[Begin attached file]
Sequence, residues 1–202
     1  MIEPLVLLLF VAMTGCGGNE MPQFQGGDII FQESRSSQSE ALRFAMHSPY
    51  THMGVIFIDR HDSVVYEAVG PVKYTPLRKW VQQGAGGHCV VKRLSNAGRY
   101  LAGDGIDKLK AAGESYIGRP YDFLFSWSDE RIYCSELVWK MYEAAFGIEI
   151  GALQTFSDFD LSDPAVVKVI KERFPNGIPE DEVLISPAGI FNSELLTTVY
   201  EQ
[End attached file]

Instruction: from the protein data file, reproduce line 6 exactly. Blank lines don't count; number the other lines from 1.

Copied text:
   201  EQ